Attention Deficit Hyperactivity Disorder (ADHD)

AttentionDeficit Hyperactivity Disorder (ADHD)

Attentiondeficit hyperactivity disorder is a combination of behavioral changesand actions that are contrary to what is deemed normal. Also referredto as ADHD in short, this condition affects people across all agesfrom childhood through adolescence and into adulthood. Peopleexperiencing ADHD may display symptoms such as inability to payattention for a long span of time others may become restless andoverreact to situations while some may show signs of impulsiveness(Millichap, 2010).

Ascientific research has shown that Attention deficit or hyperactivitydisorder (ADHD) is a real genetic disorder caused by differences inlevel of dopamine D4. This is a chemical receptor gene in the brainthat is responsible for attention. For this reason, ADHD qualifies asa genetic disorder that can run within a family lineage. It is worthnoting that, different strains of this receptor gene may beresponsible for the occurrence of ADHD and its manifestation in avictim as well as the ability to heal from the condition with time.This means that a person with an ADHD risk gene has the potential todevelop the disorder and at the same time may be able to heal withtime from the same with time. This was according to a study conductedby lead researcher Dr. Philip Shaw from the National Institute ofMental Health in the United States in the child psychiatrydepartment. It has also been found that children with a certainvariant of this risk gene may have a thinner brain tissue in the partresponsible for attention.

However,this deformity is not permanent and as children with this gene becomeof age, the brain is able to develop the normal cell thickness in thesame area. Shaw and his team found that DRD4, a variant in dopaminereceptor gene was associated with this disorder and was also linkedwith the thinner tissue of the brain in theattention controllingarea (Retz &ampKlein, 2010).This is the basis for the ability of most children who develop ADHDto grow out of the condition with time. On the same note, Dr. Shawpointed out that not all ADHD cases are as a result of the presenceof the risk gene. From the sample pool of children Saw studied inwhich 105 children with ADHD were compared against 103 healthychildren all about 10 years of age, only between a quarter to a fifthof the children with ADHD had the risk gene. Six years later, Shawand team’s analysis of the children used in the study showed thatthose possessing the ADHD risk gene had recovered better explainingthe ADHD improvement with age (Retz&amp Klein, 2010).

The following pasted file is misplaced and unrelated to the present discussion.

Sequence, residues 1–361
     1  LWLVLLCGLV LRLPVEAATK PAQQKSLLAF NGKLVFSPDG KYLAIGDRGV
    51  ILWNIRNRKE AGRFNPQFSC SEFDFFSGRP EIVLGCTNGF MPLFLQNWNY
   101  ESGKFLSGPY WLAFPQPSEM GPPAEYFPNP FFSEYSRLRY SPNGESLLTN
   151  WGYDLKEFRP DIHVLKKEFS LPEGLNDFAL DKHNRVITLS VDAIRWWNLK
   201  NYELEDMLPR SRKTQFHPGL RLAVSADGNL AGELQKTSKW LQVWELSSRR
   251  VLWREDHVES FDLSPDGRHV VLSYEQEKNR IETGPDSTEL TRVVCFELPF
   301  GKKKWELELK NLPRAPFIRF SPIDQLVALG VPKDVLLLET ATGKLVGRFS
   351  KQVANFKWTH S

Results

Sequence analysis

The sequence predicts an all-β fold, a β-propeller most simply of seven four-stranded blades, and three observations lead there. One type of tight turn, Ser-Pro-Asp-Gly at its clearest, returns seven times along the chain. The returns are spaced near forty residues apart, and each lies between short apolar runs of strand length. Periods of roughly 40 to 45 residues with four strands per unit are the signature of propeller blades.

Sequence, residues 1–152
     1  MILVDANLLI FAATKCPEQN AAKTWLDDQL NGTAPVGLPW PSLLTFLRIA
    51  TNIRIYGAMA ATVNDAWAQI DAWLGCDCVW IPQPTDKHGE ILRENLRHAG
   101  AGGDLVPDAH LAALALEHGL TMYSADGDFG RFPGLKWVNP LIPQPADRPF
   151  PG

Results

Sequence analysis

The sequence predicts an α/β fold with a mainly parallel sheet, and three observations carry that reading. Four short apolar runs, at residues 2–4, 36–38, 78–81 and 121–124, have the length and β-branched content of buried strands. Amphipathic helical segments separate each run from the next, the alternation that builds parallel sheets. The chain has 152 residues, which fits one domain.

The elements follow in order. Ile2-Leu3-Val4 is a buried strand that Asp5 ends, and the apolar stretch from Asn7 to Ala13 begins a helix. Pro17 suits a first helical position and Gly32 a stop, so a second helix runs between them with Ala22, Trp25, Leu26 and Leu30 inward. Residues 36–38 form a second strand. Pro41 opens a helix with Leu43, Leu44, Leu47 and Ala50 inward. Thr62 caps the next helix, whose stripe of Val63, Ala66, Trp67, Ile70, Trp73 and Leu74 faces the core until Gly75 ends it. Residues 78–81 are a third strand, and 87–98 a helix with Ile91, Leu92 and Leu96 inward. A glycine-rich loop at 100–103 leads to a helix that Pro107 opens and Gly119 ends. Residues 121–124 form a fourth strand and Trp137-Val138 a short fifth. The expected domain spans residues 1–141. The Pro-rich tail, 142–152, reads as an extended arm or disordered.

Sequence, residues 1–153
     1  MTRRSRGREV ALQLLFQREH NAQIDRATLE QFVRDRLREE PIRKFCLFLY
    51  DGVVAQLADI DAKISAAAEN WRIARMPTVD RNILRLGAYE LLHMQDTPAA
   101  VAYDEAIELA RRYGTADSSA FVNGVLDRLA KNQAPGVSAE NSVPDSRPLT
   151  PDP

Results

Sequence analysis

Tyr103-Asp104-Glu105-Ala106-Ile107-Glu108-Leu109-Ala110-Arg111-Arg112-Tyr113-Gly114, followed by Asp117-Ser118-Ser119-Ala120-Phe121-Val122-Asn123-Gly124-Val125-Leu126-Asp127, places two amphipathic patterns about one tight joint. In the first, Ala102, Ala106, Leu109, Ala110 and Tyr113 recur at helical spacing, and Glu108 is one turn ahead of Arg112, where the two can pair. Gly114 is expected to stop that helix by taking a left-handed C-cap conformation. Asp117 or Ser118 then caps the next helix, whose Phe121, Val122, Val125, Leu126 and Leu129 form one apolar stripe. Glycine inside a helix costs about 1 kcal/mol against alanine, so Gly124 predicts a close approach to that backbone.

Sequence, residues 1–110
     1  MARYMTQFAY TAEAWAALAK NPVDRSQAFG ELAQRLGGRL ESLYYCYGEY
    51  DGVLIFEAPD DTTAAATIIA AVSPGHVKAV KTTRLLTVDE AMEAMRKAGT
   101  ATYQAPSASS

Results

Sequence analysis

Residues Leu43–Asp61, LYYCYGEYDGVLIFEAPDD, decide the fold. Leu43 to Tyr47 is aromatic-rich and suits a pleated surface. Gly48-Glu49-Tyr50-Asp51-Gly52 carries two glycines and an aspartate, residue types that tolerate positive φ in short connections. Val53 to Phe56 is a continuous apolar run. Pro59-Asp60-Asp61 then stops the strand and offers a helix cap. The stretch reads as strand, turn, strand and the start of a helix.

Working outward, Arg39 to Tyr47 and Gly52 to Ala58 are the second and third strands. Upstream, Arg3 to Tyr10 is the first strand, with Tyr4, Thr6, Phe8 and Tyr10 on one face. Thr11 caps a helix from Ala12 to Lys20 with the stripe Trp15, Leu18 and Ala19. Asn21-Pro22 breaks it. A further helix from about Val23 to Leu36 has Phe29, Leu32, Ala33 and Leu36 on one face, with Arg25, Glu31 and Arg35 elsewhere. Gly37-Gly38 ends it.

Aseparate study however, came out contrary to Shaw’s views bysuggesting that reduced dopamine production is responsible for thedevelopment of ADHD. This is backed by a study headed by Dr. Nora D.Volkow of the United States National Institute of Drug Abuse, whichsuggested that Ritalin, a drug used to treat ADHD triggers theproduction of dopamine by the brain (Retz&amp Klein, 2010).This clearly shows that low dopamine production enhances theoccurrence of ADHD and can be a basis for explaining why many victimsof ADHD often abuse drugs due to reduced dopamine system in theirbrains. Therefore, ADHD is a biochemical disorder as clearly shown bythe two studies of Shaw and Volkow in their separate reports.

Theabove discussed studies both bring out the fact that ADHD is agenetic disorder that can be inherited hence, a major mental concernwhich requires biological remedies including but not limited topharmaceutical products such as Ritalin. Both Shaw and Volkowacknowledge the need for additional research on the matter so as tounmask the underlying causes not yet discovered so as to providebetter treatment options for the disease. Therefore, from thestudies, ADHD is real because a biological cause has already beenidentified.

References

Millichap, J. G. (2010).Attention deficithyperactivity disorder handbook: A physician`s guide to ADHD.New York: Springer.

Retz, W., &amp Klein, R. G.(2010). Attention-deficithyperactivity disorder (ADHD) in adults.Basel: Karger.

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